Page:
Industrial control systems are essential to the smooth operation of various national critical infrastructure. While once segmented from the web, these systems are now becoming increasingly more networked and remotely accessible as organizations transform to meet the digital age. This development potentially exposes industrial control systems to digital threats.
One of the most serious threats confronting industrial control systems today is the Internet of Things (IoT). Organizations and users are becoming more and more dependent on Internet-connected devices, so much so that there’s not enough time to secure them. Such hype has enabled the creation of threats like VPNFilter, a type of botnet which targets routers, network access storage (NAS) devices and other IoT products.
In May 2018, researchers observed that VPNFilter had infected half a million IoT products
in what Ukrainian officials believed were Russia’s preparations for a digital attack. Less than two months later, Ukrainian law enforcement thwarted
an attempted VPNFiler attack by Russian agents against a chlorine station.
The IoT threat facing industrial control systems is expected to get worse. In late 2016, Gartner estimated
that there would be 8.4 billion connected things worldwide in 2017. The global research company said there could be approximately 20.5 billion web-enabled devices by 2020. An increase of this magnitude would give attackers plenty of new opportunities to leverage vulnerable IoT devices against industrial control systems.
Concern over flawed IoT devices is justified. Attackers can misuse those assets to target industrial environments, disrupt critical infrastructure and jeopardize public safety. Those threats notwithstanding, many professionals don’t feel that the digital threats confronting industrial control systems are significant. Others are overconfident in their abilities to spot a threat.
For instance, Tripwire found in its 2016 Breach Detection Study
that 60 percent of energy professionals were unsure how long it would take automated tools to discover configuration changes in their organizations’ endpoints or for vulnerability scanning systems to generate an alert. Even so, 70 percent of participants affirmed it should take only minutes for those same solutions to detect an alteration.
Industrial professionals would be wise to not underestimate threats against industrial control systems. That’s because the costs of disruption can be significant to the business. In response to a 2016 ransomware attack
, Michigan’s Board of Water & Light ended up paying approximately $2 million dollars for digital security experts and a law firm to assist it in its recovery and prevent similar attacks from occurring in the future. A year later, Forbes reported that the 2017 NotPetya malware outbreak cost Copenhagen-based shipping giant A.P. Moller-Maersk upwards of $300 million
. This malware attack ended up having approximately the same price tag for FedEx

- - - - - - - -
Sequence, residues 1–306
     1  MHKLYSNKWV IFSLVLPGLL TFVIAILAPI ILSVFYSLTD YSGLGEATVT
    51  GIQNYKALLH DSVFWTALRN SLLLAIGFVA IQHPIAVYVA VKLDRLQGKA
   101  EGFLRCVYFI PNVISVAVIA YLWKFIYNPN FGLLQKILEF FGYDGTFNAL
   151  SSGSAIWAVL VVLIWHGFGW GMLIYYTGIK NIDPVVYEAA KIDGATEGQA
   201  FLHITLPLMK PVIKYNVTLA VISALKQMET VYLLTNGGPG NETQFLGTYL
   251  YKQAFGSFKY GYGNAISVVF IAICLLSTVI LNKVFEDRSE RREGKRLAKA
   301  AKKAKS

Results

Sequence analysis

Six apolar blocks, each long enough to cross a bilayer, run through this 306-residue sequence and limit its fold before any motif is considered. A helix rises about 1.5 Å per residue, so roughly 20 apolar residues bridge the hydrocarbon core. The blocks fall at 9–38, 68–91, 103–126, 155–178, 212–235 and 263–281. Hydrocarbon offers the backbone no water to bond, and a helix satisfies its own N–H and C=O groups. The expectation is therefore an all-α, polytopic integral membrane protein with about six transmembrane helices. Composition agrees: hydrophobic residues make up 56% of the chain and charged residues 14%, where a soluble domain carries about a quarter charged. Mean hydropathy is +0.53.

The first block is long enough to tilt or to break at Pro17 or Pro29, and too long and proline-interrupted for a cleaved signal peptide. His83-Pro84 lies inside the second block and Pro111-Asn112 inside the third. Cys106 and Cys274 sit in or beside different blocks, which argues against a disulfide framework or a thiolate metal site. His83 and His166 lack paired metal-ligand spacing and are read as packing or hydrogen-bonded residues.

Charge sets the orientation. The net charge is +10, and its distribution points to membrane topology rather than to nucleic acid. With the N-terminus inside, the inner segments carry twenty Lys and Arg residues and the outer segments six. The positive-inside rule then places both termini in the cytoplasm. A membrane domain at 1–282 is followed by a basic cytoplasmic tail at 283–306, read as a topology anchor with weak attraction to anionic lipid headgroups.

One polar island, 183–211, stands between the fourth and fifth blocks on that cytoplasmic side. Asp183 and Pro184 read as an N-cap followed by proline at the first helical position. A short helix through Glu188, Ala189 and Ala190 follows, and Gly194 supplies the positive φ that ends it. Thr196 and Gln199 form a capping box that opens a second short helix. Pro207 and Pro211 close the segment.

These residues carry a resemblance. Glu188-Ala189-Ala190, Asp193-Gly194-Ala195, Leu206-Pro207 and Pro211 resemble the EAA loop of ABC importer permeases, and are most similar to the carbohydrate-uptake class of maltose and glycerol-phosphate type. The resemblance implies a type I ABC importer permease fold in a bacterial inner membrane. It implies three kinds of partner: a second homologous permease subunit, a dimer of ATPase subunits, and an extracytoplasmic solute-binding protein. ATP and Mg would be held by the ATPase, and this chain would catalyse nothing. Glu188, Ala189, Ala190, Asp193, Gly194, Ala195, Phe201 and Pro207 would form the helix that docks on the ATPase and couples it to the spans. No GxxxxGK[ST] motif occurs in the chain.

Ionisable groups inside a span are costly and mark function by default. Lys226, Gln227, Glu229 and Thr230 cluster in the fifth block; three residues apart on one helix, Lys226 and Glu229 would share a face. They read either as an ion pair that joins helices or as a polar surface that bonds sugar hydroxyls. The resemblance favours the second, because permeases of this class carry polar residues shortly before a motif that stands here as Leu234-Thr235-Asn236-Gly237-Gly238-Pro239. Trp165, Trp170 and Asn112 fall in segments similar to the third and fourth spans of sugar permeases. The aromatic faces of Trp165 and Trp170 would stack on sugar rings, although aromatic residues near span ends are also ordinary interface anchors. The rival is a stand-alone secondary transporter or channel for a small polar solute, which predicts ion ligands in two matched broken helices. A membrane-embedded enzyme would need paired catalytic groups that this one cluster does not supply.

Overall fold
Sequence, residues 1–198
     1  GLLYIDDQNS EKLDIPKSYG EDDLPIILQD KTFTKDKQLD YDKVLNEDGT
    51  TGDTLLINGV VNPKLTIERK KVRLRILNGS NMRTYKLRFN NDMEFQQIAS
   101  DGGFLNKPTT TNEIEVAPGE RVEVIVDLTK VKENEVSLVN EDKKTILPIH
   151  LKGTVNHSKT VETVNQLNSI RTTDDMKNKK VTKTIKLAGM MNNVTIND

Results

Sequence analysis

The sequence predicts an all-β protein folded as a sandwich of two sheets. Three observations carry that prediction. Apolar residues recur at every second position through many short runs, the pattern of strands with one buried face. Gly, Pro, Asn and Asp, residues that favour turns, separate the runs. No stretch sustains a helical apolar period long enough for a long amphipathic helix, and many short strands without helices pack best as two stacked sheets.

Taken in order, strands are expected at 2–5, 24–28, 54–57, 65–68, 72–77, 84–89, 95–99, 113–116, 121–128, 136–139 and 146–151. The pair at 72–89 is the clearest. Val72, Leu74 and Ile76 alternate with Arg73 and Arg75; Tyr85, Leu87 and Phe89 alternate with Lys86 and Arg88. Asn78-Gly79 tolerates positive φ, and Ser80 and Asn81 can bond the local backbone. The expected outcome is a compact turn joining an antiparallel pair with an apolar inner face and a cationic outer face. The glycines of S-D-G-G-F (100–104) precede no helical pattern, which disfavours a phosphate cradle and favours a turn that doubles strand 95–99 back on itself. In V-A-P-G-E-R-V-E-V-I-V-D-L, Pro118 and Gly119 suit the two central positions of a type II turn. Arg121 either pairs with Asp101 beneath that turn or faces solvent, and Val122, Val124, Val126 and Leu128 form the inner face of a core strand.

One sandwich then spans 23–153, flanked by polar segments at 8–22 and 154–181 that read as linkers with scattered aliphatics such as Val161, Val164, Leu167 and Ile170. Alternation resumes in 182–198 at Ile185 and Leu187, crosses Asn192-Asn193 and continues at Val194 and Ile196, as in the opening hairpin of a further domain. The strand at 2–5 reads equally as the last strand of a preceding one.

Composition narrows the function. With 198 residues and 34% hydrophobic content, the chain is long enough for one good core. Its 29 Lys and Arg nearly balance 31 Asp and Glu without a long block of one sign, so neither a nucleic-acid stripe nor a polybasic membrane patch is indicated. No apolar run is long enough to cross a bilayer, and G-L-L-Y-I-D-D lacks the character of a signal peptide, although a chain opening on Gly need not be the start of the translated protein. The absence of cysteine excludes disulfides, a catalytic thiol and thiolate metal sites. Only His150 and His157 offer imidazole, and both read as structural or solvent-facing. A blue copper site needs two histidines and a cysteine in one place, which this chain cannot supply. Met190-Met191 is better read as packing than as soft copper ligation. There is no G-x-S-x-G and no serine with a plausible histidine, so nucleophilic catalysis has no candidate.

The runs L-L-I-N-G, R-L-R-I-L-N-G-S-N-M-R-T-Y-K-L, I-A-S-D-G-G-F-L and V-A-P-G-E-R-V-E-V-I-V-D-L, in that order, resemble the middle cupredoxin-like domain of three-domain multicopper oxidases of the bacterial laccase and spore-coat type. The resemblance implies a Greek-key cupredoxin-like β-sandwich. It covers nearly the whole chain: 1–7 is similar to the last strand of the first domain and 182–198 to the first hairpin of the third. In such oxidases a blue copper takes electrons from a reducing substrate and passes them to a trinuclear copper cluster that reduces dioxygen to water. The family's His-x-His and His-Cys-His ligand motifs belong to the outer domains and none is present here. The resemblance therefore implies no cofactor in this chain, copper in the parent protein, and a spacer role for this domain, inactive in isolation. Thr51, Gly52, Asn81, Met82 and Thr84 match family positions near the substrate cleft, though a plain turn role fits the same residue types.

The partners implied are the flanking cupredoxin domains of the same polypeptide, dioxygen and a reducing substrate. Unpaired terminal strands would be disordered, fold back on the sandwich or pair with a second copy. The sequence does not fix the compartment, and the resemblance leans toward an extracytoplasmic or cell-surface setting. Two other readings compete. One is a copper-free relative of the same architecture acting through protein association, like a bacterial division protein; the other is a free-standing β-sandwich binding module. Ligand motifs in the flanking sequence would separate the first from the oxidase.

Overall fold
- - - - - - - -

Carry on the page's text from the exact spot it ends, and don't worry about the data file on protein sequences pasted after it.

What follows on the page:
Even worse than these incidents, a 2012 malware attack cost Saudi Aramco – the world’s biggest oil company – approximately $1 billion, as the company needed to replace 35,000 computers damaged by the attack. It also hired at least six firms and dozens of experts to help with the recovery, reported Reuters
, VP of Product Management & Strategy at Tripwire, feel these incidents demonstrate the importance of organizations protecting their industrial environments against disruption now rather than later:
If your business has an industrial control system footprint now is the time to evaluate how you’re securing that environment. Industrial companies have accepted the reality that digital threats can have tangible consequences. This perception is perhaps heightened by recent attacks that were specifically designed to affect physical operations and have proven capable of doing so. It is vital that organizations properly secure their critical infrastructure by investing in robust cybersecurity strategies that involve proper foundations of critical security controls and layers of defense. Failure to do so will result in a major breach that will cause catastrophic failure, which is a significant concern among security professionals as a critical disaster could result in significant loss of life.
To begin hardening their environments against disruption, industrial organizations need to appreciate the ongoing convergence
between information technology (IT) and operational technology (OT). They need to specifically look to harden their OT assets against IT threats as they continue to incorporate information technology into their environments. Tripwire Senior Systems Engineer Nick Shaw recommended
that organizations specifically focus on training their workforce about these evolving threats:
Training and education focused on industrial cybersecurity need to improve within these organizations. An emphasis on digital security in the OT environment especially needs to take place. Everyone has a role to play in a robust cybersecurity strategy, and they need to be armed with the knowledge to control what they can control as part of that strategy.
From there, organizations might want to consider investing in an ICS security solution
that can help them discover and profile all of their network assets, monitor the status of their network and systems as well as harden their plant systems against digital threats, thereby diminishing the likelihood of disruption.
For more information on how to protect your organization’s industrial systems, download your copy of Tripwire’s whitepaper Industrial Cybersecurity – Essential to Assure Availability, Safety and Resilience